- The coach’s D3-talent son getting major minutes in conference games
This program was flirting with the notion that rock bottom was only the first floor. And all with a fan base that still is often lukewarm about the program. McCaffery’s turnaround is nothing short of extraordinary.
We are way, WAY, past the point that Fran should be evaluated with an eye to anything other than his own merits and performance as a coach.
OK, remove a mention of Lick (which I still think should be part of the total evaluation) from my previous comment, and we have the evaluation parameters you want: tourney appearances about every other year, fast-paced style, numerous Top 25 appearances, POTY candidate.
So, he hasn’t made a Sweet 16 and a number of people think he doesn’t land coveted recruits. Those are EXACTLY the same complaints fans had against Davis before he got canned. In Davis’ case, the complaint about the tourney was that he didn’t advance to a Sweet 16/Elite 8 often enough, but it was the same general gripe.
What McCaffery has accomplished in reinvigorating the program is nearing a Bill Snyder-level of reclamation. If he gets that cherished Sweet 16 berth, he’s probably reached that status. When people talk about McCaffery after his coaching career is finished, they will certainly mention what he inherited, the same way people talk about what Hayden and Snyder inherited at their respective football programs. It’s an integral part of McCaffery’s legacy.
If that means that Iowa should never look anywhere again just because McCaffery makes the tourney but doesn't reach the Sweet Sixteen in the next 2-3 years, then those folks have a much different world viewpoint when it comes to expectations
My comment is mostly directed at the group that seemingly wants McCaffery’s head after every blowout loss or two-game losing streak. What exactly is their expectation? McCaffery currently has a legitimate POTY candidate on a Top 25 team that is contending toward the top of the B1G. He puts this program in the tourney about every other year. It’s impossible to talk about McCaffery and not address what he inherited. It was a total rebuild job in an elite conference at a program with a fan base that had already grown apathetic. People want a Sweet 16? I do, too. I also like having a competitive program that plays a fun brand of ball. For Iowa, that wasn’t the case for many years. It’s also extremely hard for even major programs to make solid coaching hires: look at Texas and UCLA.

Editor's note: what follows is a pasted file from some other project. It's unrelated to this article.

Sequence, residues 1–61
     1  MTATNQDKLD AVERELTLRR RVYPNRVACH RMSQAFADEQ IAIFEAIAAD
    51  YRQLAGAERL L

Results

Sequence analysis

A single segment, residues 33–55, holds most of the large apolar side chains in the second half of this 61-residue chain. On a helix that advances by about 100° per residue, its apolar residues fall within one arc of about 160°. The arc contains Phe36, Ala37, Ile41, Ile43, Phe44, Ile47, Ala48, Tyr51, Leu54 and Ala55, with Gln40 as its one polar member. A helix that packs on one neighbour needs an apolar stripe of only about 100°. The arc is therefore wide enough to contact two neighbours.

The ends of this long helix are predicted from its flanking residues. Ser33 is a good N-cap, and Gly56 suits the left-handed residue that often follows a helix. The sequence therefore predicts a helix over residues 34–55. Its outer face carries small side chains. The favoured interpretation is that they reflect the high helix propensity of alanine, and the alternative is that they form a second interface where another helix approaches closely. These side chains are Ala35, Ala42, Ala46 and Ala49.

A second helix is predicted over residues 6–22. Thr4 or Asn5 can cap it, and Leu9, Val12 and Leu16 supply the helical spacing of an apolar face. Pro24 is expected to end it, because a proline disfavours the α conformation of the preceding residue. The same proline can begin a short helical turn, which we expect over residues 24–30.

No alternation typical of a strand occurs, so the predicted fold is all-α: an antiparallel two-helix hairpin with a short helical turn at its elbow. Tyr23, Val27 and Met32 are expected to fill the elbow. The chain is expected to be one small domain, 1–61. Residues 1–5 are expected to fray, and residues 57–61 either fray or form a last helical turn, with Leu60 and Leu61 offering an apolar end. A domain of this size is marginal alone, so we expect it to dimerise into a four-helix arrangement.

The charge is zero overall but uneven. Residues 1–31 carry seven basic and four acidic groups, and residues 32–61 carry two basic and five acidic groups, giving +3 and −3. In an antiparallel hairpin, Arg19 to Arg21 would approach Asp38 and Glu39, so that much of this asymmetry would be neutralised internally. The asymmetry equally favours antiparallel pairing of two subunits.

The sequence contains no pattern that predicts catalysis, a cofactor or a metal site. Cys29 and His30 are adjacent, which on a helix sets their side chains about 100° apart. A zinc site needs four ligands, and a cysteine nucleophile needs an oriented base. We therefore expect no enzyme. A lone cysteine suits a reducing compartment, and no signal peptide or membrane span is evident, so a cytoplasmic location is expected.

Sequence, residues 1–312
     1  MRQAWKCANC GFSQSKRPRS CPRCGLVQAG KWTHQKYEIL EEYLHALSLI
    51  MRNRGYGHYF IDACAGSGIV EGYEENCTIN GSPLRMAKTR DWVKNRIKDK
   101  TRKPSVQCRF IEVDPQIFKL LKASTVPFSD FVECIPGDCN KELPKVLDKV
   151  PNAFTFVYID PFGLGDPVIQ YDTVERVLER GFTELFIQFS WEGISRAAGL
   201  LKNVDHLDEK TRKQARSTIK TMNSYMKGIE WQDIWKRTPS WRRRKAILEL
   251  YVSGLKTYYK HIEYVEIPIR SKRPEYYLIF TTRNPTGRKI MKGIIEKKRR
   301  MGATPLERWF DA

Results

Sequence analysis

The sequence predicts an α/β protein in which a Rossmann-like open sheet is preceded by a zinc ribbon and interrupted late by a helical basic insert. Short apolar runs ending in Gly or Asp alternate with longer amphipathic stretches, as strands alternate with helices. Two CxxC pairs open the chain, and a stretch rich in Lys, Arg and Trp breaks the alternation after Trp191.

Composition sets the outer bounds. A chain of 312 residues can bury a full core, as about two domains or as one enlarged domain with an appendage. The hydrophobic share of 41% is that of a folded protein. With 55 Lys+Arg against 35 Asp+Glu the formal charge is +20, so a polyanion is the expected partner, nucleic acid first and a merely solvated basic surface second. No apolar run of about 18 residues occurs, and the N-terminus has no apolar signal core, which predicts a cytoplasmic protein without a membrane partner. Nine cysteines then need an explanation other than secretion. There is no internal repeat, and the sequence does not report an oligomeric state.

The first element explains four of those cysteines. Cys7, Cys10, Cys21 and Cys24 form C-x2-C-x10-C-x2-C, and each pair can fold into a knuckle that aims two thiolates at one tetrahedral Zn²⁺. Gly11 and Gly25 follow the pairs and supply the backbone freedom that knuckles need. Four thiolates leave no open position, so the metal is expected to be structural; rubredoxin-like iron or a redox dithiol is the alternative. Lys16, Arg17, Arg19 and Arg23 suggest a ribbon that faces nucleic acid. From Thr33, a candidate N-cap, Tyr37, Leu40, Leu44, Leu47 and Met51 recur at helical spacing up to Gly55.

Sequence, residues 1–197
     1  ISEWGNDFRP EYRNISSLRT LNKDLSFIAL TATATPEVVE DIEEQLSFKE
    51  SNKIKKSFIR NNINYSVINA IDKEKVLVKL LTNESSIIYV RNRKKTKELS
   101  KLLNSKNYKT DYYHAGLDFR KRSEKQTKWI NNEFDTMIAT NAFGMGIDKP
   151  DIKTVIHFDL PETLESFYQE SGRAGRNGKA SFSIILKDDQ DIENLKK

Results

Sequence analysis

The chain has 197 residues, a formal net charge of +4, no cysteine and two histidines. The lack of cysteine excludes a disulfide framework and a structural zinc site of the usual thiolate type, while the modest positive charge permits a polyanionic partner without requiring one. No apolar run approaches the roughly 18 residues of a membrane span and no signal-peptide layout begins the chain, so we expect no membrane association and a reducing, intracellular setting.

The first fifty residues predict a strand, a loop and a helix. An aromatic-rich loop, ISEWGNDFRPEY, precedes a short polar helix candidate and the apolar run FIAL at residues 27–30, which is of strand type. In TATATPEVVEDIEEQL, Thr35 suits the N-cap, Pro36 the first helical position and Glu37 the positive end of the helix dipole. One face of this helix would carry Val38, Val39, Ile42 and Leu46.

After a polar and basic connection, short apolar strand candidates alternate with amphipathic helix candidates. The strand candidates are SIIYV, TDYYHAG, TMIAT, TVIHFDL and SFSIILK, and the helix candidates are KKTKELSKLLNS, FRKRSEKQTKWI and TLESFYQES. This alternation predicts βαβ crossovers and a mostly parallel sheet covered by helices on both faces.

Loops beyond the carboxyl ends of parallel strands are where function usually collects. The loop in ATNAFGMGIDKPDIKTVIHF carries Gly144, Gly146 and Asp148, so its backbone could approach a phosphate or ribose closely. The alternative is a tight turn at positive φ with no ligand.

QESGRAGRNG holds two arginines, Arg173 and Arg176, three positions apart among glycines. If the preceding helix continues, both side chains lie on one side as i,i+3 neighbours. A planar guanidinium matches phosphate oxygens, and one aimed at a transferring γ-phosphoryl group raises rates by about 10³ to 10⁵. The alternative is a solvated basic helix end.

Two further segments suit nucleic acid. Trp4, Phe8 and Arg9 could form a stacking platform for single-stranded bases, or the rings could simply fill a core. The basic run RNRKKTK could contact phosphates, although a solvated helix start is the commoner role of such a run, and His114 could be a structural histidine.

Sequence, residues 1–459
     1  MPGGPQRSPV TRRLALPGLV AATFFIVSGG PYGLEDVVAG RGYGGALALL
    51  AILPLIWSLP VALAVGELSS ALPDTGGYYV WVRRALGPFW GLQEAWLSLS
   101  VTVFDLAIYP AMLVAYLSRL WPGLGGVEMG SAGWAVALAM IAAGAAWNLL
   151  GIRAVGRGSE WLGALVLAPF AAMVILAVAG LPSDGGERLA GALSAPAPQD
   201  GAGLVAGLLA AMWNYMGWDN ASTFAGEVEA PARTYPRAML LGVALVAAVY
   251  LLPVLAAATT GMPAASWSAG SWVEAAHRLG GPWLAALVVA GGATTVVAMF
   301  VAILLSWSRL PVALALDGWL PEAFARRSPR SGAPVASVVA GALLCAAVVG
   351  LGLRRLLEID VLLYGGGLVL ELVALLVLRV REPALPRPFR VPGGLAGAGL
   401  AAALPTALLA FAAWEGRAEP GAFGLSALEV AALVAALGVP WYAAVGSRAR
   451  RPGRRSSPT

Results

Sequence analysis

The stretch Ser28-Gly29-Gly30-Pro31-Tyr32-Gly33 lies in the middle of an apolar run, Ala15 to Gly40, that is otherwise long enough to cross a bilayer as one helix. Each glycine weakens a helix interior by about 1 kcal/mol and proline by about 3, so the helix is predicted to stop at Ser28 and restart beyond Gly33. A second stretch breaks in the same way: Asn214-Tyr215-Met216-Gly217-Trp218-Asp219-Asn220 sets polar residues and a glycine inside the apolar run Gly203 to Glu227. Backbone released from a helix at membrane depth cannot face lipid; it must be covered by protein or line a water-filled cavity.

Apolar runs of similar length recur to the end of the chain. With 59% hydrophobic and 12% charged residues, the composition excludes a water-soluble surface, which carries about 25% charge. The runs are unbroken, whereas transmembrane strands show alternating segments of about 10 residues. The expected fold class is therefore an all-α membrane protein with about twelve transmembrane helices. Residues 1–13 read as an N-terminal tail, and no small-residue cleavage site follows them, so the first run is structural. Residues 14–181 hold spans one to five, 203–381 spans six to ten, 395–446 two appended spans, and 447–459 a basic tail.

Didn’t Iowa already meet the 2-1 threshold you established after the Purdue game?
Those who don’t learn from history are doomed to repeat it.
The other reason people bring up Lickliter’s tenure and defend McCaffery is because they see shades of what happened to Tom Davis—and subsequently the program—when fans lost sight of context.
Not many are giving McCaffery a pass for mistakes or coaching vulnerabilities; they’re simply choosing to view his career as a whole and realize the overall feat he’s accomplished in pulling this program from what looked like certain death.